I respectfully dissent from the majority's holding on the appealability issue. I would quash this appeal. The appealability of orders granting or denying alimony pendente lite, counsel fees and costs needs to be reappraised in light of the Divorce Code of 1980. Such reappraisal leads me to conclude that except in rare circumstances, such orders are interlocutory and unappealable. I believe this position is *503 most consistent with fairness and justice to both parties, judicial economy, and the goals and policies behind the Divorce Code of 1980. Since I would quash the appeal on jurisdictional grounds alone, I would not reach the issue of waiver due to failure to file exceptions.

The majority accurately states that Pennsylvania courts have in the past held an order granting alimony pendente lite or interim counsel fees to be immediately appealable, but the denial of such interim relief has been held to be unappealable. I agree with the majority that stare decisis must give way when the demands of justice require us to discard outmoded rules of law. "[T]he doctrine of stare decisis is not a vehicle for perpetuating error." Mayle v. Pennsylvania Department of Highways, 479 Pa. 384, 406, 388 A.2d 709, 720 (1978) (quoting Ayala v. Philadelphia Board of Public Education, 453 Pa. 584, 606, 305 A.2d 877, 888 (1973)). The cases cited by the majority were decided under the Divorce Law of 1929 and its predecessors. The comprehensive overhaul of our divorce statutes accomplished by the Divorce Code of 1980 requires us to reexamine these decisions in light of the new enactment. See Commonwealth ex rel Piggins v. Kifer, 285 Pa.Super. 206, 427 A.2d 185 (1981) (custody cases decided before the enactment of the Uniform Child Custody Jurisdiction Act are no longer good law to the extent that they are inconsistent with the Act). In Fadgen v. Lenkner, 469 Pa. 272, 282, 365 A.2d 147, 152 (1976), our Supreme Court specifically held that when "the rationale justifying the old rule no longer finds support," the rule should be abandoned.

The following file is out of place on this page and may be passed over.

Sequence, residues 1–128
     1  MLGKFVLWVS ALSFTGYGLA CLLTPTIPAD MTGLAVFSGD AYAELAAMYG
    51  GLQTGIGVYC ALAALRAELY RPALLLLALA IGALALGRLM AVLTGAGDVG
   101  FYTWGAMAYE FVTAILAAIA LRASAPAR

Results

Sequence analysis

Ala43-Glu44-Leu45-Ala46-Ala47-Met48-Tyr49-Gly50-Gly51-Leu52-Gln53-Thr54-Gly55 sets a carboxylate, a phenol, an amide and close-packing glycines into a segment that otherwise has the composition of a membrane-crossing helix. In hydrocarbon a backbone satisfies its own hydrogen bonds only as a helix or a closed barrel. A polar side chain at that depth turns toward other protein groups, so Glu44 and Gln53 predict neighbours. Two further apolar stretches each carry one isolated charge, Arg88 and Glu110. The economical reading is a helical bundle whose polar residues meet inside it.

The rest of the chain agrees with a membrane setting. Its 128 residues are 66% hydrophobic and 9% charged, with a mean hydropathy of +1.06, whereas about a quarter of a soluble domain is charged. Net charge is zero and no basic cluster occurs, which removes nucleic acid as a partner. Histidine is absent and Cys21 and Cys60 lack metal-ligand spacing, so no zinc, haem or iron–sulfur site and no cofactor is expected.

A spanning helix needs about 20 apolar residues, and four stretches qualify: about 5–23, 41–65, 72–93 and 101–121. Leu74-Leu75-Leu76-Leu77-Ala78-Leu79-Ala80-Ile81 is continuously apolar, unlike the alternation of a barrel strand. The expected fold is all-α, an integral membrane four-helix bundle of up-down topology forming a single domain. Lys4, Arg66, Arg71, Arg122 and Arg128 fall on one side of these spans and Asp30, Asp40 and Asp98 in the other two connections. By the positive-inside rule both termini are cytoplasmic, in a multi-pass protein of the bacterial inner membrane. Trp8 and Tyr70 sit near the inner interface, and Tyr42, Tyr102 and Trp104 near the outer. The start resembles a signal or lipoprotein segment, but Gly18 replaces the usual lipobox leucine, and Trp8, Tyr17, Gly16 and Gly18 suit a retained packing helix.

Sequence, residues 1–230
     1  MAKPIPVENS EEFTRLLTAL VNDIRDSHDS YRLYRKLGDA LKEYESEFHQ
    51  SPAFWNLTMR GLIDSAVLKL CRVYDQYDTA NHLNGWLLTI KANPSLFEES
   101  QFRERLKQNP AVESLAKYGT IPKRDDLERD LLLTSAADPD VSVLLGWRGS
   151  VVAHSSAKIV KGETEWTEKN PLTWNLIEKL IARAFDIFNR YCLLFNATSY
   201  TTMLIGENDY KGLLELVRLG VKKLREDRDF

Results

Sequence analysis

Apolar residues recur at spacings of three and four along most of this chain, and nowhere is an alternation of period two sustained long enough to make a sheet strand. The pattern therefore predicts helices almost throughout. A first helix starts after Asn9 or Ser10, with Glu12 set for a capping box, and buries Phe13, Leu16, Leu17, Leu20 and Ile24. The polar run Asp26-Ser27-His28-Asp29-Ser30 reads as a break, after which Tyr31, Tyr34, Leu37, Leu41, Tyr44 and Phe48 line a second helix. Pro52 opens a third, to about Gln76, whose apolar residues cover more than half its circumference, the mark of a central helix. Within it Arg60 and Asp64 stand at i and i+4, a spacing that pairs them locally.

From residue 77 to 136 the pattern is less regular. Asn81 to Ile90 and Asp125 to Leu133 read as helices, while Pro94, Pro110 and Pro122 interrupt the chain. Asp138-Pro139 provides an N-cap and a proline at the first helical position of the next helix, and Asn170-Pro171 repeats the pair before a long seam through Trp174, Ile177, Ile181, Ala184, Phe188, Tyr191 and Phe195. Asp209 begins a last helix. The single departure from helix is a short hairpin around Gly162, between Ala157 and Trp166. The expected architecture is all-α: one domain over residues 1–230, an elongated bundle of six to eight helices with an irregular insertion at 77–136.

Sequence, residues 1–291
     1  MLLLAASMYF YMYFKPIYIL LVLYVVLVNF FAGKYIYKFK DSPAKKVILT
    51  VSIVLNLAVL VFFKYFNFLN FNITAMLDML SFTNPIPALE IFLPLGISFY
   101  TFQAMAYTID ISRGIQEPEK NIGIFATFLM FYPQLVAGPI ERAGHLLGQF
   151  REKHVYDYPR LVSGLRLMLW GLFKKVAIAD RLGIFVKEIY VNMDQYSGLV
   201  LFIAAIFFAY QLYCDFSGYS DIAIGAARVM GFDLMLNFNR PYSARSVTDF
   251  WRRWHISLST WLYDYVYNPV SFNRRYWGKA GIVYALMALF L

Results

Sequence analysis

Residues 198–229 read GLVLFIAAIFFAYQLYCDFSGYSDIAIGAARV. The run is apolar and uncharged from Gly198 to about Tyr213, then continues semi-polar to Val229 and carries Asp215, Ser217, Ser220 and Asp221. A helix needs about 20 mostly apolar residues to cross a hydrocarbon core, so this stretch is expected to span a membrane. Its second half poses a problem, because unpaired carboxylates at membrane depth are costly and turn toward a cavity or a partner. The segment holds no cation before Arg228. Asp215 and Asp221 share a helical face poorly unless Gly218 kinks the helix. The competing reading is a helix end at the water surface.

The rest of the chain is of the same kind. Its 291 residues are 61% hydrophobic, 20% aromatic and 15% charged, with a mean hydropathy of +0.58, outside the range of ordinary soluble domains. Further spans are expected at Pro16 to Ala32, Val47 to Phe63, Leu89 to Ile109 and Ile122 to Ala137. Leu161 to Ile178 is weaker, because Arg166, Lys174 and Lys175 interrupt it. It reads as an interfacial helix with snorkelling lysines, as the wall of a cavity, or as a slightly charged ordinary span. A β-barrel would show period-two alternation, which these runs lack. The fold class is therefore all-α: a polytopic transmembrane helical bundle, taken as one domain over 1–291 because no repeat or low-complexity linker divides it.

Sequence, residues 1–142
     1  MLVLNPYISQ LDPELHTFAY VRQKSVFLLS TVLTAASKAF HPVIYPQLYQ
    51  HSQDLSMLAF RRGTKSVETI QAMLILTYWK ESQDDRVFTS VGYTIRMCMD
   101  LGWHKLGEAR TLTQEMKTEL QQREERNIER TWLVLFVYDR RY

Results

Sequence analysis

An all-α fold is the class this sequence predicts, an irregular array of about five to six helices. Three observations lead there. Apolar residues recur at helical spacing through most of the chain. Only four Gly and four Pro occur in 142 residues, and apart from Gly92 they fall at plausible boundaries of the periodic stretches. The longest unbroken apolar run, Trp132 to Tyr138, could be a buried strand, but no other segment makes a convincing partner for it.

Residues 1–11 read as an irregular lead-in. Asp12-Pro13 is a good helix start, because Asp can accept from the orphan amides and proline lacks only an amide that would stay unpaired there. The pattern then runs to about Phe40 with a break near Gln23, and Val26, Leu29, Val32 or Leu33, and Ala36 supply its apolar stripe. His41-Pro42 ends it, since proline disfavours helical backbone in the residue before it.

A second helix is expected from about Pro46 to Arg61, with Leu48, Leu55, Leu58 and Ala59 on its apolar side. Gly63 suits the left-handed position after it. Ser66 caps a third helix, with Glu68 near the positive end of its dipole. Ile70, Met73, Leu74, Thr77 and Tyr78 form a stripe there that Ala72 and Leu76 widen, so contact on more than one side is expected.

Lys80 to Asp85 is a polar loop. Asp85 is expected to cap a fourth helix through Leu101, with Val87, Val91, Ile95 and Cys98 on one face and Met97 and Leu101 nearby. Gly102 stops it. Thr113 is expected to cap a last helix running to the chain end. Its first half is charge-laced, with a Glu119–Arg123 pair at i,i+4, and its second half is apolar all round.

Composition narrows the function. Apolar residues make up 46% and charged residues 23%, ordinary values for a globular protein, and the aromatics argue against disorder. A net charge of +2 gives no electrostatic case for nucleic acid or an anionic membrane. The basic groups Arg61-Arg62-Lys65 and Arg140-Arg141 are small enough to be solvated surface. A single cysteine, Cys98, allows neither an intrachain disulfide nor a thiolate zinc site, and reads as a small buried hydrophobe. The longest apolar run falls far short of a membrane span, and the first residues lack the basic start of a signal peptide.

In reexamining our case law in light of the Divorce Code, I agree with the majority that appellate jurisdiction attaches only to "final orders," 42 Pa.C.S. § 742, and that in determining what constitutes a final order we may look for guidance to the principles set forth by the United States Supreme Court and by our Supreme Court in Cohen v. Beneficial Industrial Loan Corporation, 337 U.S. 541, 69 S. Ct. 1221, 93 L. Ed. 1528 (1949); Pugar v. Greco, 483 Pa. *504 68, 394 A.2d 542 (1978); and Piltzer v. Independence Federal Savings and Loan, 456 Pa. 402, 319 A.2d 677 (1974).

Applying the standards of these cases and of Mayle, Piggins, and Fadgen, I conclude that this Court should reevaluate its holdings in cases relating to alimony pendente lite, counsel fees and costs decided before the 1980 Divorce Code became effective and should hold that neither the grant nor the denial of alimony pendente lite or interim counsel fees or costs should be subject to immediate appellate review.